The PFIC regime has been in existence since 1986.  Introduced in the Tax Reform Act, the regime closed a loophole. Prior to the change, assets could be transferred to entities organized outside the U.S., in order to escape U.S. taxation.

As with other foreign entities, such as foreign corporations, PFICs are brought to account in the U.S. tax system by their U.S. owners/investors. These rules can require attribution of unrepatriated income [1] to a U.S. person, as well as income deemed to be in excess of prior year’s income from an investment being subject to additional U.S. tax.

Whichever way foreign investments are held, for U.S. federal income tax purposes the objective of these rules is to tax income which would otherwise escape U.S. taxation. In the case of PFICs, the objective is also to disincentivize U.S. persons from holding investments in vehicles which generate primarily passive income. As mentioned above this is achieved by taxing what are perceived as ‘excess distributions’ under the PFIC regime. The results are two types of taxation for an income year. The first type of tax is the current year’s income tax calculated using the marginal income tax rate of the taxpayer’s taxable income on one portion of a distribution known as the non-excess distribution.

The second type of tax is ‘PFIC tax’, or S1291 tax on another portion of a current year’s distribution. S1291 tax is calculated at the top federal income tax rate (which currently sits at 37%). S1291 tax is commonly referred to as ‘throwback tax’. This term refers to the method by way of which the tax is imposed, which is on the excess distribution portion of a distribution which is allocated in retrospect over the holding period of the PFIC. The tax is then charged on the prior-year PFIC income. This is explained in greater detail later.

This article dives into the mechanics of PFICs. It looks at the three methods for calculating income under the Internal Revenue Code (Code)and includes the Excess Distribution method. The three methods of accounting for PFICs are presented with examples to demonstrate how PFICs are taxed under the tax laws of the U.S.

The availability of tax treaty relief, de minimis exemption, and the interrelationship with U.S. Controlled Foreign Corporation rules are also discussed.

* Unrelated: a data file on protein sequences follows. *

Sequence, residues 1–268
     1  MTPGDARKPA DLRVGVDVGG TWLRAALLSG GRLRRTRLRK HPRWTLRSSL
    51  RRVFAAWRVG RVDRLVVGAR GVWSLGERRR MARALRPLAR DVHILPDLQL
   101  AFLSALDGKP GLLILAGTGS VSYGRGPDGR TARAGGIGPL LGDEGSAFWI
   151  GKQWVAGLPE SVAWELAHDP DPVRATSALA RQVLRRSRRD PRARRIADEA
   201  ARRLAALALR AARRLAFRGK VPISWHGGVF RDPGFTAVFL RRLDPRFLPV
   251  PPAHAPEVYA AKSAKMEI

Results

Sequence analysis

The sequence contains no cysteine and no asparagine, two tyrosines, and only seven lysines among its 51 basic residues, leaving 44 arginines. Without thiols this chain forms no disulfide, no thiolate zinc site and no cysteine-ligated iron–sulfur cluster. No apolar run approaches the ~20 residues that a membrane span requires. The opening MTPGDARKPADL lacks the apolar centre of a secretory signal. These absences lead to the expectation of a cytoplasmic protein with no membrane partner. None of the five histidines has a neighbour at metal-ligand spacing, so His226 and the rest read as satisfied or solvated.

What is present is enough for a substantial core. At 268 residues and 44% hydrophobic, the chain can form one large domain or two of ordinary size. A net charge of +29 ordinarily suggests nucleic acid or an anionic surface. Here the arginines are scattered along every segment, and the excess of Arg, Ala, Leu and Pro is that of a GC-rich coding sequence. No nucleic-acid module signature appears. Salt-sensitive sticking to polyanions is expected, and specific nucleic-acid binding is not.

All amounts are expressed in U.S. dollars unless stated otherwise.


A U.S. person has a PFIC where one of two tests is met as follows.

  1. If a U.S. person has a share of an entity that holds assets of which more than 50% of the assets produce, or are held for, the production of passive income (the asset test).
  2. If a U.S. person has a share of an entity whose income is more than 75% passive in nature (the income test).

Passive income includes interest, dividends, royalties, rents and gains.

Example. B, a U.S. citizen purchases stock in NZCo. NZCo is in the business of farming and holds assets of NZ $20m. NZCo also holds an investment portfolio with a fair market value of NZ $2m.

NZCo generates farm income of NZ $5m and passive income of NZ $0.2m representing total assets of NZ $5.2m.

  • The income test is failed, as NZ $.2m (passive income) / NZ $5.2m (total income) is less than the 75% threshold.
  • The asset test is failed, as NZ $2m (passive investments) / NZ $22m (total assets) is less than the 50% threshold.

In the above example, NZCo is not a PFIC for U.S. tax purposes.

Example. B, a U.S. citizen, opens a KiwiSaver with a local financial institution. The KiwiSaver is a PIE (NZ PIE). B transfers NZ $100 cash into NZ PIE and receives 100 units in exchange.

NZ PIE is managed by fund managers and is in the business of investing.  Fund managers sell units in NZ PIE to investors.

NZ PIE’S assets consist of shares and bonds in health care companies. Those shares and bonds generate dividends and interest and are passive in nature. NZ PIE has:

  • 100% of its income classed as passive income, and
  • 100% of its assets generate passive income.

NZ PIE is a PFIC for U.S. tax purposes.

The Mechanics – Taxation of PFICs under the Code

As mentioned earlier, three methods exist. Of those methods, the Excess Distribution method is the default method. Unless an election is made to mark-to-market or to treat the PFIC as a QEF, the Excess Distribution method must be used. This all is covered by Sections 1291-1298 of the Code.


Under the mark-to-market method the gain or loss is measured as the difference between the fair market value at the end of the income year and the taxpayer’s adjusted basis in the PFIC.

Depending on the outcome for the income year, a taxpayer will have a gain or a loss. If a loss under the mark-to-market calculation, the loss will be subjected to loss limitation rules. Those rules assess a loss calculated under the mark-to-market calculation for deductibility. The loss limitation relates to the total PFIC gains returned under the mark-to-market rules for the years over which the fund has been subject to U.S. tax as a PFIC. The outcome being that a loss for the current year may be deducted from other non-PFIC gross income to the extent that prior year gains have been included in past years’ total gross income on a U.S. income tax return. Disallowed losses are forfeited. Disallowed losses are unavailable to be carried forwards or back to prior years. This is different treatment to other types of losses calculated under the Code, such as capital losses and net operating loss carryforward and carryback provisions.